India’s newest warship, INS Sahyadri, a limited-stealth, 5,600-tonne, guided missile frigate of the Shivalik-class that was commissioned in July, takes the overall tally of vessels to 134, twenty-six short of its projected requirement. Alarmingly for naval planners who hope to boost these numbers, the CAG report notes: “the 5 vessels that will be inducted each year will barely suffice to replace warships that are decommissioned after completing their 30-40 year service lives.”
Not everyone subscribes to the warnings that the Indian Navy’s fleet is dangerously short of warships. Analysts, especially air power votaries, point to the significantly greater firepower that a new generation of indigenously built warships carry, arguing that this more than compensates for any shortfall in numbers. Measured tonne for tonne, Indian-built warships are amongst the most heavily armed vessels afloat. The seven 6,800-tonne destroyers being built under Project 15A and 15B, the first of which could be commissioned next year, will each carry sixteen Brahmos-2 surface-to-surface supersonic cruise missiles; the new (still unnamed) Long Range Surface-to-Air Missile (LR-SAM), an anti-missile system that India and Israel are jointly developing; a 130-millimetre super-rapid gun mount (SRGM); four 30-millimetre AK-630 rapid fire guns for close air defence; and a full suite of anti-submarine warfare (ASW) equipment, including the latest, India-developed HUMSA-NG bow mounted sonar. Each destroyer will embark two helicopters, kitted out for ASW missions.
Either way, India’s growing ability to design and build warships is likely to drive its emergence as a credible maritime force. Of 18 major warships that joined the fleet over the last two decades, 12 were designed and built in three MoD-owned shipyards in India: Mazagon Dock Ltd, Mumbai (MDL); Garden Reach Shipbuilders & Engineers, Kolkata (GRSE); and Goa Shipyard Ltd (GSL). Last year the MoD bought a fourth shipyard, Hindustan Shipyard Limited (HSL), which could be central to India’s submarine building programme.
These shipyards, however, do not have the capacity to build warships at the rate that the navy requires. So great are the infrastructure shortfalls that Cochin Shipyard Ltd (CSL), a non-defence shipyard owned by the Ministry of Shipping, has been contracted to build the aircraft carrier INS Vikrant. No defence shipyard has a slipway or dry dock large enough for an aircraft carrier, nor the modular shipbuilding facilities needed for such a vessel. To overcome this, MDL and GRSE have partnered private shipbuilders, which have recently put up excellent shipyards but lack experience in building larger warships. This will utilize private sector capacities, while also building them as constructors in their own right.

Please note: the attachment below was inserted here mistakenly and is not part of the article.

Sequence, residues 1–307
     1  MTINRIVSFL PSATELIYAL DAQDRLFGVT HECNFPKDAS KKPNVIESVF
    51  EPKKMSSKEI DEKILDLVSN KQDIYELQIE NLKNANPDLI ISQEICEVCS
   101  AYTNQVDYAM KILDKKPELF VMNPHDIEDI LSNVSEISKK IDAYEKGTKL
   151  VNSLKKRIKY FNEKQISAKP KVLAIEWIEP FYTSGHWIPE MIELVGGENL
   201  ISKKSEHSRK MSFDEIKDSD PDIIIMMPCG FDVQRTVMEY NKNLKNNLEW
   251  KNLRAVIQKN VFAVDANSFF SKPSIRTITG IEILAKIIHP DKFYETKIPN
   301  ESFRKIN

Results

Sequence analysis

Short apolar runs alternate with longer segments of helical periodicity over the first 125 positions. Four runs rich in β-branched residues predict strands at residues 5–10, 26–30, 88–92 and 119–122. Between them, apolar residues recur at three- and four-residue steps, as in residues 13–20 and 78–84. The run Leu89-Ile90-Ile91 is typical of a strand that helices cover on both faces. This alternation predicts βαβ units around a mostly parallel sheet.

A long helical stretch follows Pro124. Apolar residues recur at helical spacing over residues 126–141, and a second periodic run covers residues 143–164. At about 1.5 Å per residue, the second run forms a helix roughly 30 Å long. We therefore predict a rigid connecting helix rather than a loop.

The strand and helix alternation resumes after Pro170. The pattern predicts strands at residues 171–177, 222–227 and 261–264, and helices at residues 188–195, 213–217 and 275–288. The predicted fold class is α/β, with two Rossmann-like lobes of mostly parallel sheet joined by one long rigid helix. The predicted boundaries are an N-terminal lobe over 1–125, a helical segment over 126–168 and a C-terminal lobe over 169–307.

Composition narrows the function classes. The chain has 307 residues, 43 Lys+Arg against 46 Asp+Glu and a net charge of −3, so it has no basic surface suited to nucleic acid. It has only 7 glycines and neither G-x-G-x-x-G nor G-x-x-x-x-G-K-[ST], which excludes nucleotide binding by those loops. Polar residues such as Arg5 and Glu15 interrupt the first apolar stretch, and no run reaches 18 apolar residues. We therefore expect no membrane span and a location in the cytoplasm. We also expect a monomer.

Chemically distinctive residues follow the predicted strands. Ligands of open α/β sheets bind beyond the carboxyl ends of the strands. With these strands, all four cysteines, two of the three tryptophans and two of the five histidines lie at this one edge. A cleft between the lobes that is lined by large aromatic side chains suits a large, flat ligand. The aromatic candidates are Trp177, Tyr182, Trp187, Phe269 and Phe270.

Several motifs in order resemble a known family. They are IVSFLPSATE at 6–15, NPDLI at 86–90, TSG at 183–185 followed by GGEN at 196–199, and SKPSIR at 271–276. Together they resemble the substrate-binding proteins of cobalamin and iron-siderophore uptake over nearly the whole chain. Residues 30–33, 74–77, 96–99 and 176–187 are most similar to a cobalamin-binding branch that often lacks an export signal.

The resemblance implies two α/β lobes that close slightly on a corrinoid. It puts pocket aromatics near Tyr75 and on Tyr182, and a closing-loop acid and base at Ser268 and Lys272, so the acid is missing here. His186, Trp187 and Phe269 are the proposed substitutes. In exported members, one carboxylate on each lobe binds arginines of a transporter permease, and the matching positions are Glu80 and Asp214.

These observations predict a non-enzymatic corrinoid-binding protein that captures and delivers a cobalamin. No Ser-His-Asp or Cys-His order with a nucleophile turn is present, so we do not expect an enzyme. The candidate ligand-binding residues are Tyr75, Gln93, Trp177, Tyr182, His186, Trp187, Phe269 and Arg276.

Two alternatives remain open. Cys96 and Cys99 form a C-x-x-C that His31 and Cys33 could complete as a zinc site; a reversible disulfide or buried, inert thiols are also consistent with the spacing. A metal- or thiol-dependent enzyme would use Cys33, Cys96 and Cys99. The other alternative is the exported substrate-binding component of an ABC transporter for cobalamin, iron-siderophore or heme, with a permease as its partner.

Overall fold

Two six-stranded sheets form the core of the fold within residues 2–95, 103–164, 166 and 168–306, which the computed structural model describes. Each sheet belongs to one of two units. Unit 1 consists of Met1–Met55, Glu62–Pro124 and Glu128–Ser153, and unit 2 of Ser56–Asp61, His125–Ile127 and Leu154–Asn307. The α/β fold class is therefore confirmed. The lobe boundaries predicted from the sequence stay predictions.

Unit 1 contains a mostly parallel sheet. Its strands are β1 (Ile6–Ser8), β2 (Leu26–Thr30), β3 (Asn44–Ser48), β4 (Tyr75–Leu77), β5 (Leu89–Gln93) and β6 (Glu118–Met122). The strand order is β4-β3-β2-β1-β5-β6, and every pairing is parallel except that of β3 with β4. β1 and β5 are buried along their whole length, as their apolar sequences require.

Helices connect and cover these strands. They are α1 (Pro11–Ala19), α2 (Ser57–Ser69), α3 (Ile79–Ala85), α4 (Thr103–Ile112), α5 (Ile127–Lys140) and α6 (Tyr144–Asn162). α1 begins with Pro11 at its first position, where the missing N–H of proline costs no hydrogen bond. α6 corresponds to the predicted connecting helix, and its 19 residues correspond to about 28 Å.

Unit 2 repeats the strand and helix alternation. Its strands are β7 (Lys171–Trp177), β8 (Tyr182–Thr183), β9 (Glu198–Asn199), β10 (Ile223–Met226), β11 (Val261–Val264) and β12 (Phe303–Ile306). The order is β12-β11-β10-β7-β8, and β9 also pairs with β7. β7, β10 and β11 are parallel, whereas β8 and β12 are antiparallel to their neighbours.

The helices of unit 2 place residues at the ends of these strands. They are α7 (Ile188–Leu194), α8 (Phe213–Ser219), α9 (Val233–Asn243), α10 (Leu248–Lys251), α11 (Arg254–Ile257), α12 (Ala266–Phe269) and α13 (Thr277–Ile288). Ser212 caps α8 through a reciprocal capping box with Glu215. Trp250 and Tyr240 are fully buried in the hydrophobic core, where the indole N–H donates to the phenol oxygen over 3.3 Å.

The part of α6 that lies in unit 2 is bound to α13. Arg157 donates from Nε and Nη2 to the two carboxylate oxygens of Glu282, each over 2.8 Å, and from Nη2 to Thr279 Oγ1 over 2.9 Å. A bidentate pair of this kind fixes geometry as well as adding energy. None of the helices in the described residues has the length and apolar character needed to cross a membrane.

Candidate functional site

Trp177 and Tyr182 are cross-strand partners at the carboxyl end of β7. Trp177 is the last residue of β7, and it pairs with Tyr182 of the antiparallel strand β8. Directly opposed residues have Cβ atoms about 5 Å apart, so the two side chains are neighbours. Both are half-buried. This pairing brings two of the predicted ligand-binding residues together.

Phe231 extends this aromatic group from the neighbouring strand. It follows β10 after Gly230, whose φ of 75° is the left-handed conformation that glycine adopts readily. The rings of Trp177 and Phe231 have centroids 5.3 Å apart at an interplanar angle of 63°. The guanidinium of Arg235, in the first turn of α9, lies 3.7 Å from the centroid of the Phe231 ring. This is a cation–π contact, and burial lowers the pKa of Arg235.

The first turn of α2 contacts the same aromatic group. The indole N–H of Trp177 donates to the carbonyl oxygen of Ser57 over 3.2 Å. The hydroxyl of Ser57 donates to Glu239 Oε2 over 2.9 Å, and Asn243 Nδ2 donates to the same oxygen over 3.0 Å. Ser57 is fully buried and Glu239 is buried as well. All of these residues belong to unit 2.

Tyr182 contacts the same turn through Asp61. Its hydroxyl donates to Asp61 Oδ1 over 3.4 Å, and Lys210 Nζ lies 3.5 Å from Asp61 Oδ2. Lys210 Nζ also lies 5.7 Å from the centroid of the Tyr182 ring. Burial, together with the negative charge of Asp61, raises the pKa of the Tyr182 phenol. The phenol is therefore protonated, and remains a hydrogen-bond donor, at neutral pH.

In July, MDL announced a joint venture company (JV) for building surface warships with Pipavav Defence & Offshore Engineering Company Ltd (PDOECL), which has a world-class shipyard near Bhavnagar, Gujarat, on the Arabian Sea. Another JV for building submarines was announced with Larsen & Toubro, which has played a central role in building India’s first nuclear ballistic missile submarine, INS Arihant; and which will soon inaugurate a spanking new shipyard at Katupally, near Chennai. GRSE is also implementing its own tie-ups.
MDL and GRSE are also completing major modernisation programmes, installing the modular workshops, slipways and Goliath cranes that support modular shipbuilding. This is expected to cut down the build time of a frigate from the current 96 months to just 60 months; and the build time of a destroyer from the current 120 months to 72 months. This follows heavy criticism, most recently by the CAG, which has noted that “The lead ship in all projects is delivered or expected to be delivered after a delay ranging from four to five years from the original delivery date.”
The mobilization of Indian warship building yards is long overdue, given the volume of navy orders. Already, 46 naval vessels are under construction: three in Russia (two Project 11356 or Teg-class frigates, and the aircraft carrier, INS Vikramaditya) and 43 in India. These include three 6,800-tonne destroyers being built by MDL under Project 15A (INS Kolkata, Kochi and Chennai); four similar destroyers under Project 15B; and six Scorpene submarines. Meanwhile GRSE is building four anti-submarine warfare corvettes; and eight upgraded landing craft for deployment in the Andaman Islands. Meanwhile, GSL is building four offshore patrol vessels (OPVs); while private shipyards are constructing five more OPVs; two cadet training ships; and six new catamaran-hulled survey vessels.
Besides these, the MoD has sanctioned another 49 vessels for the navy. These include: seven guided missile frigates under Project 17A, to be built simultaneously by MDL and GRSE; six AIP-equipped submarines under Project 75(I); four fast attack craft (FAC) at GRSE; eight mine hunter vessels (two will be built in South Korea by Kangnam Corp, with six more built by GSL after technology transfer). A private shipyard will build another cadet training ship, and shipbuilders are being identified for four Landing Platform Docks (LPDs) and 16 shallow water anti-submarine warfare (ASW) ships. The navy is evaluating options for a Deep Submergence and Rescue vessel (DSRV). Contracting will begin “in the coming months” for one survey training vessel and two diving support vessels.